States That Make Voting Super Simple–or Stupidly Hard
Voting is the most basic act of citizenship, but you wouldn't know it from the hodgepodge of conflicting, hard-to-decipher state election laws that can make casting a ballot a pleasure for some Americans and a hassle for others. A guide to the best and worst places to vote.
Among the most restrictive states. Votes can only be cast in person on Election Day, unless you have an approved excuse to vote absentee. Don't forget your photo ID!
On Oct. 15, its Supreme Court struck down the state's voter ID law for disenfranchising citizens. Officials had tossed more than 1,000 primary ballots that lacked ID.
Among the states where it's easiest to vote, with no ID required, more than 4 weeks of early voting, and no excuse needed to cast an absentee ballot.
One of just three states that sends every registered voter a mail-in ballot. Nice! You can still vote the old-fashioned way, in person, but nonphoto ID is required.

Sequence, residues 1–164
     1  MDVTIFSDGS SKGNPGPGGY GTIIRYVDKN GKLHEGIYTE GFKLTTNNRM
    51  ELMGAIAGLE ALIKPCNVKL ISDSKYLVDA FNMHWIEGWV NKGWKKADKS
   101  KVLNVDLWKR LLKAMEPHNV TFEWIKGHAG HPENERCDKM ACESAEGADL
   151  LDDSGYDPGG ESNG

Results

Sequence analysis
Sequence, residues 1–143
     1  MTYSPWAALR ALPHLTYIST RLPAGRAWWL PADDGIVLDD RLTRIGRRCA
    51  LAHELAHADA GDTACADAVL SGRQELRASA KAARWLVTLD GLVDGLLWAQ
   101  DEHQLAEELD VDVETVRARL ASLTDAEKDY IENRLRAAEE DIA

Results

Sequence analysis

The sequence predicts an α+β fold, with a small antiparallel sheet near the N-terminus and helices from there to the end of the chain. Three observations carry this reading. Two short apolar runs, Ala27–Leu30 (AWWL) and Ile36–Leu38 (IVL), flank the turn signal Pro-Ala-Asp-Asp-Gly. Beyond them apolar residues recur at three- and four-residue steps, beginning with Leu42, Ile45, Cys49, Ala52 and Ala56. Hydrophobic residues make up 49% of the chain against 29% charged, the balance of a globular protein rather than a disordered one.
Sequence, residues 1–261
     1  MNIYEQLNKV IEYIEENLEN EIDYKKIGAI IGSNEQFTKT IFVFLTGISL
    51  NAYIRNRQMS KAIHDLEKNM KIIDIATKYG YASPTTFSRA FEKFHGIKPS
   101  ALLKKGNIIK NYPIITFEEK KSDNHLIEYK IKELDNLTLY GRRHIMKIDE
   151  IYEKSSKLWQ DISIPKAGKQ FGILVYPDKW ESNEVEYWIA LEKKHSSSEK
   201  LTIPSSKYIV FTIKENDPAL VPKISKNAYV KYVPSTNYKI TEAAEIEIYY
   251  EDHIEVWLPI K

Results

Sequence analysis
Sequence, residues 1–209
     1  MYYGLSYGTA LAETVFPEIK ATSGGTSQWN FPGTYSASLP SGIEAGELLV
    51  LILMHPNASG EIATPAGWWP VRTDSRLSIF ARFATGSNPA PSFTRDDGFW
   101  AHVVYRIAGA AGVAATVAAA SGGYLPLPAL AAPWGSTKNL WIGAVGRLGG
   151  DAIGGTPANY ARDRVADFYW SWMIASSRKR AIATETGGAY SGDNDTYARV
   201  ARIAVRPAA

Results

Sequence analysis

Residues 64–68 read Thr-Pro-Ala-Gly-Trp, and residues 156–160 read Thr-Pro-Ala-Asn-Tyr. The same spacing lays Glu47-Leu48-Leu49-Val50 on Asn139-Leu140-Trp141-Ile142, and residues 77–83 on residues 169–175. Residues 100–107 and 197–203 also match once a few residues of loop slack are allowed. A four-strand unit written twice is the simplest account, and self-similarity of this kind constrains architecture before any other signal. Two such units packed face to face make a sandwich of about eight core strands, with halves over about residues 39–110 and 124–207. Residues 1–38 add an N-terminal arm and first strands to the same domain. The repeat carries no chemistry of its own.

Though there’s no official early voting, you can cast your ballot early by voting absentee in person or by mail, and no ID is necessary at the polls.
Allows voters to register online and provides more than six weeks for voting absentee in person or by mail.
State lawmakers barred same-day registration and out-of-precinct voting in this election, and beginning in 2016 voters will be required to present a photo ID.
Mail-in ballots for all registered voters and no ID requirement to cast your vote make Oregon and its neighbor, Washington state, the most hassle- free places to vote.
A federal judge struck down the state's photo ID law on Oct. 9, but an appeals court reinstated it Oct. 14. On Oct. 18, the Supreme Court OK'd the photo requirement.
Tied with Oregon for the easiest place to cast your vote. Mail-in ballots mean there’s no need to leave the house, and the state doesn’t require an ID when voting.
Its voter ID law was one of the nation's strictest – until the Supreme Court blocked it on Oct. 9.